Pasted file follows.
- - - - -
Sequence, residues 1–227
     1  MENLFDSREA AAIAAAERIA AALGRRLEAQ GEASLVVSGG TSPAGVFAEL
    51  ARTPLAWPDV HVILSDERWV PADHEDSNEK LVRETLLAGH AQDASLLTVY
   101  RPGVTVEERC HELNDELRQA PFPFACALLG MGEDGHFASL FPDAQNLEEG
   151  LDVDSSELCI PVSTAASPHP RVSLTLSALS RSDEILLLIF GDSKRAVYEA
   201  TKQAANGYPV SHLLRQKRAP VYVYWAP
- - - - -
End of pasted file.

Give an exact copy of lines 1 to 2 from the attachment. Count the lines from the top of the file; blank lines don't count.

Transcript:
Sequence, residues 1–227
     1  MENLFDSREA AAIAAAERIA AALGRRLEAQ GEASLVVSGG TSPAGVFAEL